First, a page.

11. Medals are not (certainly in the UK or in the UK Overseas Territories) ) kept in the "stores". They are of such value and individuality (to the Officer so awarded) that they are "minted" as required and are kept at the Commissioner's/Chief Constable's Office until approved presentation ceremonies. Your assertion that you were simply given one when you were not entitled to such medal does indeed reflect upon the integrity of the police force concerned. It also undermines and devalues the medal itself as any right minded individual will surely agree. Finally, I am simply repeating what you yourself have said. If that is a "malicious" statement then you need to take issue with the individual making it. Namely yourself. Dave.
  12. I have simply made an observation in respect of comments made by someone else (see a previous posting) regarding the availability of such medals from the Trinidad & Tobago Police stores. My other observation concerned the quality of the medals. I'm not quite sure of the relevance of the photograph showing a police officer wearing them. Dave.
  13. If you read this thread you will see that a previous correspondent indicated that if you are well connected and visit their stores, they will dip into an appropriate cardboard box and give you one (whether entitled or not) . The photographs indicate (to me at least) that the medals are poorly made. That said, they are an officially approved medal in that Country and as such merit a mention here. Dave.
  14. "A" Division is Whitehall and "D" Division is Marylebone. Dave.
  15. Stewart, The colours in the Crowns signify different ranks. I'll try to get this right, White Crown= Commandant; Blue Crown= Chief Inspector; Red Crown= Inspector; Yellow Crown= Sergeant; Plain Crown=Constable. Hope this is helpful. Dave.
  16. Stewart, The attached image may be of interest to you. Dave.
  17. As you say, it would be reasonable to assume that because of their short lived existence, insignia from the Luton County Borough Police (1964-66) would be difficult to find. That is certainly not the case. It would seem that the force spent lavishly on badges (and buttons) of various patterns and in very large numbers. It was a fair sized force by "Borough" standards and it rapidly increased its strength during its short existence. The County Borough Corporation, basking in its newly found municipal status obviously told its Watch Committee that money was no object. I recall writing to the force (as a young boy) in 1964 asking for a helmet badge. Almost by return a "Kodak* box arrived containing a variety of the new badges. Sent with his compliments and without charge, the CC said in the accompanying letter. Happy days! I still have them. Luton's badges (mainly the helmet plates) are still to be easily had to-day which is an indication of the large stocks which must have been bought. Dave.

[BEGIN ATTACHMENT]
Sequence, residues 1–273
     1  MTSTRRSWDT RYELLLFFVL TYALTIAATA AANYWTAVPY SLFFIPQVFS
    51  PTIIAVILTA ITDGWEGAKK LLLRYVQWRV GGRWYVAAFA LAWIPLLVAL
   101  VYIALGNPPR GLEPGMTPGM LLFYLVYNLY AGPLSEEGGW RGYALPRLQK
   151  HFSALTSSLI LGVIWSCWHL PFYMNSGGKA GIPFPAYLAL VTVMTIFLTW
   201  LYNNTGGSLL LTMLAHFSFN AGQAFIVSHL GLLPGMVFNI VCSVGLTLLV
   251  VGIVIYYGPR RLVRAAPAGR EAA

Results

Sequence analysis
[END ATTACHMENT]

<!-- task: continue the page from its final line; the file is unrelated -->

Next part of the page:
18. Lawrence, I've never seen this pattern before. As you know, I have a belt plate featuring the full Coat of Arms of the Borough plus the designation "Grimsby Borough Police" Yours looks chrome plated. If it is, it may have been produced to comply with the 1935 Clothing Committee Report. In which case I would suggest that a King's Crown would be on the male half. Dave.
  19. Brian, A nice original helmet. Almost certainly made in the UK. I don't think that the smaller badge on it is indicative of anything sinister. Small agencies often used what was available. Dave.
  20. The special constable badge is the genuine item. Issued in their thousands during the Great War by Kent County Constabulary. Worth about £5-£10. Dave.
  21. Mike, Yes, a very long period of use. The same die (and design) is still used for the current helmet plate. The finish differs slightly and the divisions and numbers have been dropped and replaced with the letters "CP" (City Police) in gold anodised finish. Dave.
  22. Mike, They date from 1914 when the oval bottom tablet was changed to take the divisional letters. Prior to that the oval simply took the bobbies number. The brass letters/numbers were replaced with gold anodised versions in the 1970's. Hope this is helpful. Dave.
  23. Chief Constables in England & Wales don't wear aiguillettes. The Commissioner of Police of the Metropolis and of the City of London do. However, ceremonial uniform ceased to be worn by the Chief Constables around about the late 1950's. Dave.
  24. I'm sorry. What do you mean "silver ceremony cords" ? Dave.